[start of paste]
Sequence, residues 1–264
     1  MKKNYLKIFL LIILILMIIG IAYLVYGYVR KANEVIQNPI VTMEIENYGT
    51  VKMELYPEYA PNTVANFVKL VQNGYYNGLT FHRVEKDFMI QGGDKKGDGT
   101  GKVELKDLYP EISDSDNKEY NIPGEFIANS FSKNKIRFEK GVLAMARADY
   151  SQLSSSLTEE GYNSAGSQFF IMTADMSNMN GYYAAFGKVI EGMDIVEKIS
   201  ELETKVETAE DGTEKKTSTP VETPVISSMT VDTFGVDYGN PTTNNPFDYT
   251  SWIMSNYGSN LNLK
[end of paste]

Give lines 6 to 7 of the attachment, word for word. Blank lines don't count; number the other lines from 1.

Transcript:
   201  ELETKVETAE DGTEKKTSTP VETPVISSMT VDTFGVDYGN PTTNNPFDYT
   251  SWIMSNYGSN LNLK